Every company dreams of having “brand influencers,” or super-customers who continuously rave about their favorite products and services to followers over social media. But this does not always happen. On the other end of the spectrum are “brand detractors” or customers that will actively speak out when they are unhappy with a company.
How your team manages these “brand detractors” will go a long way in determining its public perception. Dealing with a single unhappy customer, in other words, is a bit like managing a small fire. If left unchecked, or mishandled, a customer’s anger could quickly spread to others and cause a considerable amount of damage to the brand’s online reputation.
This is especially problematic in the financial services industry, where more than 1 in 5 Americans claim they will leave their bank if they are unhappy with the customer service they receive. And 78 percent will take a form of action by switching banks, filing a complaint or sharing their bad experiences with their contacts or audiences.
Of course, not all problems can be easily silenced. But most problems can be eased or solved by getting on the phone and having a conversation with an agent. The contact center can be like a buffer that can be used to communicate with customers before they reach for social media.
A well-managed contact center can prevent customer complaints from spreading by:
Serving as an outlet to vent: What do you do when you get really mad or frustrated about something? Chances are likely you will find someone — anyone — and tell them about your issue. Talking through a situation can help you think through the issue and get another opinion.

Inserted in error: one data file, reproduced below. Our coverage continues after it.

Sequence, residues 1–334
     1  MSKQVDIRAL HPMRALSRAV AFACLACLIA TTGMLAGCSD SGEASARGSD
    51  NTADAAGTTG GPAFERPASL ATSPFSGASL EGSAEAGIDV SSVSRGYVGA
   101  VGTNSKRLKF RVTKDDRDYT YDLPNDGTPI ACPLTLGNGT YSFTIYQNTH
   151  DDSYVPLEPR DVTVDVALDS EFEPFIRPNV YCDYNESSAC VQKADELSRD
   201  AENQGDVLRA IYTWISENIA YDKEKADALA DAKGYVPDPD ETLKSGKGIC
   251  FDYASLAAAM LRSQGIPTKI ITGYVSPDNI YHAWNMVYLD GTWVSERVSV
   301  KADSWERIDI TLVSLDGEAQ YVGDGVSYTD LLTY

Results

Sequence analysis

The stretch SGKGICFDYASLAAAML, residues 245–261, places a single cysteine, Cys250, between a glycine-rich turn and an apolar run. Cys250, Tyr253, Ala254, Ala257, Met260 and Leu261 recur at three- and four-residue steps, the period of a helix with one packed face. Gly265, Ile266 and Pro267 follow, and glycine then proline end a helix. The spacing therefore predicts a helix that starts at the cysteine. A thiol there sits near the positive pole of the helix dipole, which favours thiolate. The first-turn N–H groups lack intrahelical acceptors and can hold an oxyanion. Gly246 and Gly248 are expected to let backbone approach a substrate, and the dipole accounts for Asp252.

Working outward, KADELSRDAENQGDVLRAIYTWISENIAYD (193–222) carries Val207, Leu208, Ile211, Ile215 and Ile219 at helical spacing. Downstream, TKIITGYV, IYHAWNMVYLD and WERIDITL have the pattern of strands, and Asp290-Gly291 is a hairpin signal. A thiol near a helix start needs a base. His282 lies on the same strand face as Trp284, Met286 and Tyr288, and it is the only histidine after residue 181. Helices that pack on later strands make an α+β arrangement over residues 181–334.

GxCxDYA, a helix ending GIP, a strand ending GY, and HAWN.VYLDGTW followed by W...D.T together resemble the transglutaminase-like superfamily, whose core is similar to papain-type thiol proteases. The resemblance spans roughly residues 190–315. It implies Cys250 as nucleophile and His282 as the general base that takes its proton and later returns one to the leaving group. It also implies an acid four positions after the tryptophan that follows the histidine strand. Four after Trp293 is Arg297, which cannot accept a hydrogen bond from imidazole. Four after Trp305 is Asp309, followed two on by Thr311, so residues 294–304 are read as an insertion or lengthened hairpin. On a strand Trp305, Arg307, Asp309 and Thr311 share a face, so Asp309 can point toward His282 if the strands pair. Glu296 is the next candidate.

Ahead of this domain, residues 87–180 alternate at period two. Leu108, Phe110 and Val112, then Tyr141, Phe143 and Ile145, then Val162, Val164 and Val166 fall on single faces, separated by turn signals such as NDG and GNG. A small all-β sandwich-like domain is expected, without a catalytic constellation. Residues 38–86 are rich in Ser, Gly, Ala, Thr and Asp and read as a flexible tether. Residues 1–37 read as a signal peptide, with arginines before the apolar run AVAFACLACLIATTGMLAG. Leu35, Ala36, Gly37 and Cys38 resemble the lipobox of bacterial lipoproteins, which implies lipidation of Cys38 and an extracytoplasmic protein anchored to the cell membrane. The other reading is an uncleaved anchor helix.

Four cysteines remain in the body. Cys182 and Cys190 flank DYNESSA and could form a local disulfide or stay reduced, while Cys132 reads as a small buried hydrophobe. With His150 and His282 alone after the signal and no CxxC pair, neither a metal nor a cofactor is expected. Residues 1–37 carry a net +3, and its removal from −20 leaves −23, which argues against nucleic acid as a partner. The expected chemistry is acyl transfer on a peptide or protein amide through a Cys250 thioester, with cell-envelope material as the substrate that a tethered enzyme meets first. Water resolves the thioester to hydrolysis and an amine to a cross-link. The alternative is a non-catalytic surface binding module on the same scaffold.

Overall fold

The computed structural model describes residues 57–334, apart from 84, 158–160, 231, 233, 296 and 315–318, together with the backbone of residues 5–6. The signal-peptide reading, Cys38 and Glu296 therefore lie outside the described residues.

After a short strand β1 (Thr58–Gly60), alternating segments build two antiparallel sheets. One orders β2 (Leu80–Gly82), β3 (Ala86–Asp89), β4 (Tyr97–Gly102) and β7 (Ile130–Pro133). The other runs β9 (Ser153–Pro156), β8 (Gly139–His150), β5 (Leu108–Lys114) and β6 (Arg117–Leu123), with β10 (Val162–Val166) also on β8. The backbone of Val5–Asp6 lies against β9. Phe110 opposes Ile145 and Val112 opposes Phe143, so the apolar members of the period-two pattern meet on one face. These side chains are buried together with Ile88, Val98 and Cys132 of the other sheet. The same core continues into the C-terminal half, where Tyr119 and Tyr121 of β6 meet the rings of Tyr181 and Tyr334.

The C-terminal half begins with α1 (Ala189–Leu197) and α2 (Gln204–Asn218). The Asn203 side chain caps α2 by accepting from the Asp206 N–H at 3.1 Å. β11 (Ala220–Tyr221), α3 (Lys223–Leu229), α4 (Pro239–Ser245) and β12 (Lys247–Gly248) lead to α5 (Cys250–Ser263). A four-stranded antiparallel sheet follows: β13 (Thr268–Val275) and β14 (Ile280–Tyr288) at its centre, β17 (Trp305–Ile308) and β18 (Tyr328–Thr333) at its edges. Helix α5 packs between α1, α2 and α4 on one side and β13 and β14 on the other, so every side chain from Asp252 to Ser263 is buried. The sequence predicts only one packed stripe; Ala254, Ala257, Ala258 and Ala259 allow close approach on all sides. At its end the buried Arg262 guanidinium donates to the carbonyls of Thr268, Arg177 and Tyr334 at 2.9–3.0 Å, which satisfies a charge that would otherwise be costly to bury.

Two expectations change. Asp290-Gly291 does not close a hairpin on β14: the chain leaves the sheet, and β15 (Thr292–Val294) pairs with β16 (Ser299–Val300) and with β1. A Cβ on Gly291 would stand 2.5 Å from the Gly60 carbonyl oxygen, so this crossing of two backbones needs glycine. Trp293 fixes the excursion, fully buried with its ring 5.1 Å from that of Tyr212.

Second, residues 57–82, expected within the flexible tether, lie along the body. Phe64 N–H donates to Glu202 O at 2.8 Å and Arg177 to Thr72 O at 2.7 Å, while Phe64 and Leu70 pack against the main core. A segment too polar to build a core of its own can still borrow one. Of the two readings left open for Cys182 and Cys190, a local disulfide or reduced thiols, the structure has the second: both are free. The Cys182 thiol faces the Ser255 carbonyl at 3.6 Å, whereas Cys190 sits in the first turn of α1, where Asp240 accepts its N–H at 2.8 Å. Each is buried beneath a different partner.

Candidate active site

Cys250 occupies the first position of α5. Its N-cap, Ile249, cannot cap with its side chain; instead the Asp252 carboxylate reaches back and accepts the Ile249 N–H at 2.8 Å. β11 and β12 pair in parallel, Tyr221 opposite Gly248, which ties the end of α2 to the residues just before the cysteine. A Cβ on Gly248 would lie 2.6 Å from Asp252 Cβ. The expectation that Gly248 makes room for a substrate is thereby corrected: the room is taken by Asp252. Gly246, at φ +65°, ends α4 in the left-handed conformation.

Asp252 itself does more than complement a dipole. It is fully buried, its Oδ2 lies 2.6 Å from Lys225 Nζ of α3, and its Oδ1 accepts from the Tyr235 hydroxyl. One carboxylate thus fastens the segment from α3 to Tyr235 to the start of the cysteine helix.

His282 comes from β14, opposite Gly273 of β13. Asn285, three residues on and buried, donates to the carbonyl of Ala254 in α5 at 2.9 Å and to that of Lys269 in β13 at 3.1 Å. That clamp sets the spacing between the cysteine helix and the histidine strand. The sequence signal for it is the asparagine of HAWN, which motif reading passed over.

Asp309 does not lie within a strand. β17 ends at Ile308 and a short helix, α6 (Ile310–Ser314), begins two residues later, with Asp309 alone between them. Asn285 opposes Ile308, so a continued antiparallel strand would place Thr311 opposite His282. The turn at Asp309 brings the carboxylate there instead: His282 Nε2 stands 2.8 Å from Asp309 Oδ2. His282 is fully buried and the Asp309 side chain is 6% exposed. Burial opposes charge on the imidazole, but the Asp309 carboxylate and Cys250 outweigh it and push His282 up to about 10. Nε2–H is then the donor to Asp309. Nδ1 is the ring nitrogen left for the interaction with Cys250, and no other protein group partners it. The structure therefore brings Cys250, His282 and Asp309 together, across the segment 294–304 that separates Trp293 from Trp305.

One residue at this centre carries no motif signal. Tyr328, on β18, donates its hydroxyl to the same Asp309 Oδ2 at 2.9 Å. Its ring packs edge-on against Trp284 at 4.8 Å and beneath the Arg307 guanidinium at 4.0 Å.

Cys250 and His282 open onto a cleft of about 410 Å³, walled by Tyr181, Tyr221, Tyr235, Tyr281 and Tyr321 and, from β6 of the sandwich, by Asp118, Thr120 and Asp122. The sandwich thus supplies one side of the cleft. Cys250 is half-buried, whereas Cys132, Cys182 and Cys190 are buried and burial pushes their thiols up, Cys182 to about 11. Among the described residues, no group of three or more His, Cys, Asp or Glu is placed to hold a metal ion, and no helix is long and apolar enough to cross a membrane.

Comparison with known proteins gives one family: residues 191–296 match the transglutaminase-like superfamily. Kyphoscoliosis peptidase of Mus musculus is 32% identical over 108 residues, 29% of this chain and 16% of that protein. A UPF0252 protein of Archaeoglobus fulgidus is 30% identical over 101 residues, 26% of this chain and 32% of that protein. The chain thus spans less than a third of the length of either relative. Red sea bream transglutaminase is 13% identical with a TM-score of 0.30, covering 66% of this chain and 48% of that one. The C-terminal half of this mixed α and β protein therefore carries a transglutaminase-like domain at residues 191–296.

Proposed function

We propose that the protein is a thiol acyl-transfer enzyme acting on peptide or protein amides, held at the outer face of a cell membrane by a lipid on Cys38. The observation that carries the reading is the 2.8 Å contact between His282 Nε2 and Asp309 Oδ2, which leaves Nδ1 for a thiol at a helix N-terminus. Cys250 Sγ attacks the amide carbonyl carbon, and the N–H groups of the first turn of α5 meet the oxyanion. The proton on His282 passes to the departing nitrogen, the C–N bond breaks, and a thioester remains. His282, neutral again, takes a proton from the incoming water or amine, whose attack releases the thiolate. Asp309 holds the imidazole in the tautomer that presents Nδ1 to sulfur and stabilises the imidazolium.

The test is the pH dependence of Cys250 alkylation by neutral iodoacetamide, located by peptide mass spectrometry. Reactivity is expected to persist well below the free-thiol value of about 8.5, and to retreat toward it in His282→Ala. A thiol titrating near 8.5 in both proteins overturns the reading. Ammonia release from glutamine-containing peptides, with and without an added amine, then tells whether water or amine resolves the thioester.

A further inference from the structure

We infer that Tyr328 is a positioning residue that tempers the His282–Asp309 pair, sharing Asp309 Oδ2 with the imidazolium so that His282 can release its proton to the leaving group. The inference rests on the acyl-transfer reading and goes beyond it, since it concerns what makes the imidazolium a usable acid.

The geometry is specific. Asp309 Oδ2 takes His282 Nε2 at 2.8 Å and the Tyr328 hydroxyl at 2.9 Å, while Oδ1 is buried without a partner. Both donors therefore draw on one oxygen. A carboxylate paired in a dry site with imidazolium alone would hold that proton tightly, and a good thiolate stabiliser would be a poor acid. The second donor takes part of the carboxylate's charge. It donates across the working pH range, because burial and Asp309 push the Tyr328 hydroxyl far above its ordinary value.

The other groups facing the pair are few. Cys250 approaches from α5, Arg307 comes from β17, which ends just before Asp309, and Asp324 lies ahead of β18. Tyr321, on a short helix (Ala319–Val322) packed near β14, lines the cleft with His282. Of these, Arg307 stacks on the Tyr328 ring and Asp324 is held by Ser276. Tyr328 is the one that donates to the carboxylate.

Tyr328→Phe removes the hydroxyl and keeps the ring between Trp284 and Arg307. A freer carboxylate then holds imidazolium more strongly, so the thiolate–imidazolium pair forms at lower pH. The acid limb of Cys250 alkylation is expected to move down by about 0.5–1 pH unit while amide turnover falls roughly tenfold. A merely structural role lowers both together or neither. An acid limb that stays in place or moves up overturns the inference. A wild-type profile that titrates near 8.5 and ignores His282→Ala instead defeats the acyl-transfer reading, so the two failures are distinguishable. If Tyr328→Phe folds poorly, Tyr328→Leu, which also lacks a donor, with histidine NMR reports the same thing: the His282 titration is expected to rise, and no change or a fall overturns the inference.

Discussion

Oftentimes, you can come to a conclusion that you had not previously thought of. The trick is to offer customers many different communications channels like a telephone line, email, live chat and social support. The more options you give them, and the easier you make it to communicate, the more likely customers will be to reach out and attempt to solve their issues in the contact center as opposed to their social followers.
Providing an opportunity for retention: When customers get very angry, they often attempt to cancel their services. This is where it pays to have a dedicated contact center. A customer service agent could attempt to keep a customer by offering incentives or rewards. It’s sometimes possible to prevent customers from leaving if you make them feel special and appreciated.
Showing what consumers want: A contact center can be an amazing resource for learning about consumer behavior. After all, if one customer is experiencing an issue chances are that it’s impacting many others, too. In a well-managed contact center, all complaints are processed, reviewed and addressed so that the company can continuously improve.